Extreme heat scorches large parts of South America as winter ends

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This weekend may have marked the beginning of spring in the Southern Hemisphere, but it felt like the peak of summer across several countries in South America, where temperatures pushed above 40 degrees Celsius (104 Fahrenheit).

Peru, Bolivia, Paraguay, Argentina and Brazil have all experienced record September temperatures, with some all-time records at risk of falling as the heat continues into the week.

The very high temperatures are the result of a heat dome, which occurs when a ridge of high pressure builds over an area and stays for days or even weeks, trapping hot air. El Niño, a natural climate pattern that originates in the tropical Pacific Ocean, has also increased the heat, as has the underlying trend of human-caused global warming.

Peru has experienced some of the most extreme temperatures in September, which is usually a temperate month.

The town of Puerto Esperanza saw temperatures climb above 40 degrees Celsius, an extreme rarity for the country, and only 1 degree Celsius shy of the its all-time highest temperature of 41.1 degrees Celsius (106 Fahrenheit).

Towns and cities across several other South American countries also saw September heat records topple on Sunday, including:

Filadelfia, western Paraguay, 44.4 degrees Celsius (112 Fahrenheit) Trinidad in Bolivia, 39.5 degrees Celsius (103) Las Lomitas, Argentina, 43.6 degrees Celsius (110 Fahrenheit).

Heat was particularly widespread in Brazil, where temperatures reached 40 degrees Celsius in 11 states on Sunday, according to weather company MetSul Meteorologia.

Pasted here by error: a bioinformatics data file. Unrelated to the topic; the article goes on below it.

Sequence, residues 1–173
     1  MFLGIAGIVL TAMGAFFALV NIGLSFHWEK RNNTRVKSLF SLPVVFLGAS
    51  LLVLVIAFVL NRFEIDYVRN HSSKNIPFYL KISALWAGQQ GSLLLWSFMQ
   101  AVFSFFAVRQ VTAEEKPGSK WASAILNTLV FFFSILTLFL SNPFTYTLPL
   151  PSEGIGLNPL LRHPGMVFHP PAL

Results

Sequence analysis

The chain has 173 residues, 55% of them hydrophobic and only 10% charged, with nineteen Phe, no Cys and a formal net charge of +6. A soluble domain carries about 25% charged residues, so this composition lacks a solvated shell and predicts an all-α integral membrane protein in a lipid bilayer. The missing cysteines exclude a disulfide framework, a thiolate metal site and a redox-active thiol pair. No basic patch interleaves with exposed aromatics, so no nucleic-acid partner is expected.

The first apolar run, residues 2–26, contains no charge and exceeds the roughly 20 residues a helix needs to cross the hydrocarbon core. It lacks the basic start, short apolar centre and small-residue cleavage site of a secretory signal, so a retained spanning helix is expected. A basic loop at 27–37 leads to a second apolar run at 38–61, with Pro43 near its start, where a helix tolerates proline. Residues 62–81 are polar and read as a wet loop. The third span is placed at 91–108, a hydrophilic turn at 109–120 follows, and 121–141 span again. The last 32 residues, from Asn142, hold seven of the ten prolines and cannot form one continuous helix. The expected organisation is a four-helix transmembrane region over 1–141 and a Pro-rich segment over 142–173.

São Paulo reached 36.5 degrees Celsius (98 Fahrenheit), the city’s highest September temperature since 1943, according to INMET, the national meteorological service. These scorching temperatures capped off the city’s warmest winter in more than six decades.

Abnormally high temperatures have also increased the fire risk in the country, with wildfires breaking out last week in Bahia state.

The extreme heat is expected to continue across parts of South America well into this week, with the potential for more records to be broken.

“More of the same – or worse – is unavoidable,” said Maximiliano Herrera, a climatologist and weather historian who tracks extreme temperatures.

Other parts of the Southern Hemisphere are also experiencing an exceptionally hot spring, including Australia, which is grappling with unusually high temperatures and dozens of bushfires. The country is experiencing “a September like none before, after the warmest winter on record,” Herrera said in a post on X (formerly known as Twitter).

Between June and August, 98% of humanity experienced climate change-fueled temperatures, according to a recent analysis from climate research group Climate Central.

“In every country we could analyze, including the Southern Hemisphere where this is the coolest time of year, we saw temperatures that would be difficult — and in some cases nearly impossible — without human-caused climate change,” Andrew Pershing, vice president of science for Climate Central, said in a statement earlier this month.

Extreme heat is one of the clearest signs of climate change, as humans continue to burn planet-heating fossil fuels. The Northern Hemisphere experienced its hottest summer on record this year, with June, July and August all breaking global monthly heat records.

As the abnormal heat continues, the signs are pointing to September also being the hottest such month on record.

There is now a more than a 93% chance that this year will be the warmest on record, according to the United States’ National Atmospheric and Oceanographic Administration.

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